Actually, I am merely pointing out that "literalism" will confuse the text. The literal interpretation, using sound hermeneutical principles, will clarify the text. The claim that is being made here is that I am using "eisegetics," which by your definition is taking your subjective experience, in which you interpret subjectively, and imposing a pretextual idea on the Scripture, in order to fit your paradigm." Yet, I do not see you respond with any kind of exegesis. I am rather baffled!

    Furthermore, you suggest that I said that I was accusing someone of teaching walking in the Spirit was "automatic". Well, it is possible I didn't make myself clear enough, but the the point I was merely making was one of example, and interpretive consistency.

    [qutoe]Rightly dividing the word does not mean to bring out all the Greek terms and nitpick at them until you get the interpretation you want. It means to take the whole of scripture and extract the original intent of it.
    I agree, but so far you have not interacted with the exegesis I presented. This tends to mean that the teaching presented cannot be contended with. If, on the other hand, I am in error, demonstrate by interacting specifically with each concept I presented. If you cannot, or will not do that, I will understand. Sometime we just don't have the time!

    How many times have you read Romans? How much of it have you memorized? How many times have you outlined it? How have you extracted the major themes written in it? Or are you shortcutting your study by going directly to commentaries written by people who are favorable to your ideas?
    It is really hard to say how many times I have read Romans... my goodness, I have been a believer over 35 years, and I actively attempt to read Scriptures twice a day. Who knows? I have memorized quite a bit over the years, but I must confess, I forget, and need to rememorize. As far as shortcuts, well, I don't know. I did translation work when I was in Seminary, and attempt to use my Greek skills often. Oh, btw, I have read many commentaries on Romans as well. Even thought of writing my own. Good students compare what other teachers have taught in order to remain teachable, don't you think?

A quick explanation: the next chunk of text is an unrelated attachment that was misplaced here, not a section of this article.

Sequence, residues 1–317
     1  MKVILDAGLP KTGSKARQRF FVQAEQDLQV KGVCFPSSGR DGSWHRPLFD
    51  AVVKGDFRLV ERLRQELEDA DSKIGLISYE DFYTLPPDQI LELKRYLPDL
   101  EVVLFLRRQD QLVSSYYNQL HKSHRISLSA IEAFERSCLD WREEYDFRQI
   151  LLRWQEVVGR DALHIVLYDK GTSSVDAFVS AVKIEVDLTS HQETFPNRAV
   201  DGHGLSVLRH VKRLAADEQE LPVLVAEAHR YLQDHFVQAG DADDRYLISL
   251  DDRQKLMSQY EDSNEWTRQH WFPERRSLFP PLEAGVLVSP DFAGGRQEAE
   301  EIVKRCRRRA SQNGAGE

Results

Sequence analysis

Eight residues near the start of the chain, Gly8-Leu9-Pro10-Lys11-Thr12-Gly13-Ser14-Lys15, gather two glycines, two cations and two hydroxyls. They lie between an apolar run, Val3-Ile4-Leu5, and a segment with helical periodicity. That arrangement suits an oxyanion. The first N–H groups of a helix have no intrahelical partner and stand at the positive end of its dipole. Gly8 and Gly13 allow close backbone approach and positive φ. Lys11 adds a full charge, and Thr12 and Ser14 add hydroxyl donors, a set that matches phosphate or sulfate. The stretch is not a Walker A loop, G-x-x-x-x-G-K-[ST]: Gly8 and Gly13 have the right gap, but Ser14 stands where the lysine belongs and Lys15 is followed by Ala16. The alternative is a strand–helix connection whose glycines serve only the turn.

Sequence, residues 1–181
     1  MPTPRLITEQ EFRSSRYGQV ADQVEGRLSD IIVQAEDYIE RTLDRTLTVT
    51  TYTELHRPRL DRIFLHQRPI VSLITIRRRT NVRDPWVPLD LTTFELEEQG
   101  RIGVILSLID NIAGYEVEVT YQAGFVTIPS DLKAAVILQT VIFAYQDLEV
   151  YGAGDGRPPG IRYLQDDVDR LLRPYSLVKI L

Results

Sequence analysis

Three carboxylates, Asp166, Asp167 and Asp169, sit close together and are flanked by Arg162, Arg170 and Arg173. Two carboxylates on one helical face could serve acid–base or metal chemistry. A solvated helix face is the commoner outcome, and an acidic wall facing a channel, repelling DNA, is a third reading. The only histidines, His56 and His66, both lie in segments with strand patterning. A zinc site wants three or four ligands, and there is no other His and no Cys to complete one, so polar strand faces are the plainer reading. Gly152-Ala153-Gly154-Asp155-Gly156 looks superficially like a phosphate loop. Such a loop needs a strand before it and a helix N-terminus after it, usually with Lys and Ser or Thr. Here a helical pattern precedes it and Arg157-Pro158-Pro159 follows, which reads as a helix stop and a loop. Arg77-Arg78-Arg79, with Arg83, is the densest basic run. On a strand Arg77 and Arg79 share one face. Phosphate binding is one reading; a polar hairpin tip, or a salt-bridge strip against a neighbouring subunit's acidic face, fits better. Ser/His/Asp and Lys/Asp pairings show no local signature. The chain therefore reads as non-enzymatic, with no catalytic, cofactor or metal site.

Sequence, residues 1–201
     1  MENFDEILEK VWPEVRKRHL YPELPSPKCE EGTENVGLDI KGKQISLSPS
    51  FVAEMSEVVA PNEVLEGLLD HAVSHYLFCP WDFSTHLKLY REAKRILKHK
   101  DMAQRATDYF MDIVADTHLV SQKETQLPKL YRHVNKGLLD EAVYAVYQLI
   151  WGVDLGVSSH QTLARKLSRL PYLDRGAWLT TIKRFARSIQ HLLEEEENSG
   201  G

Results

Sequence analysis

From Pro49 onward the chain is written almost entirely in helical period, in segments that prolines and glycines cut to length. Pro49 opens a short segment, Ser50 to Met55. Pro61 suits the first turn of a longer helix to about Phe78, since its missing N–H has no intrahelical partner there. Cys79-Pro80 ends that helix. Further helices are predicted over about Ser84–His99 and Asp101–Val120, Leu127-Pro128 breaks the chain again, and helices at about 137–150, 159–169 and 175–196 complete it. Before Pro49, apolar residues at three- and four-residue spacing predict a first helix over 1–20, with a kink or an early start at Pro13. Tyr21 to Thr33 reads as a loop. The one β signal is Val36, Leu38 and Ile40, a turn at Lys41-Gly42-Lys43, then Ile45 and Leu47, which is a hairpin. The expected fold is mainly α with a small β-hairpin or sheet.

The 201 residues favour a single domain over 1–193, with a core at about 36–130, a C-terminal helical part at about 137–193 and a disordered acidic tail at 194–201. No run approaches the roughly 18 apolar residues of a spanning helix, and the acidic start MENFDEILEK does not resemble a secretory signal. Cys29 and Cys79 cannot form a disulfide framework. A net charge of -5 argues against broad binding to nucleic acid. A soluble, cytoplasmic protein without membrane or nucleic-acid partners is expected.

I know that most Protestant denominations like to make getting saved a simplistic matter. To be sure, it is simple, but not simplistic. It is simple enough that a child can understand the gospel and believe (1 John 5:1), but it is not simplistic in that many denominations have made up many doctrines concerning it. Paul's 1 Cor. rebuke that they are living "as carnal" does not mean that they were "carnal Christians," and that we can apply the "carnal Christian" idea to the church today. Everyone who continues sinning must be rebuked, since this is the process to maturity and discernment that has been ordained by God (Gal 6:1-4, 2 Tim 3:16, 1 Jn 3:10). If they repent, they are to be forgiven. If they don't repent, they are to be regarded as "an outcast and a sinner." Mat. 18 - and the entire process is to be followed.
    ok, don't really know your point, however.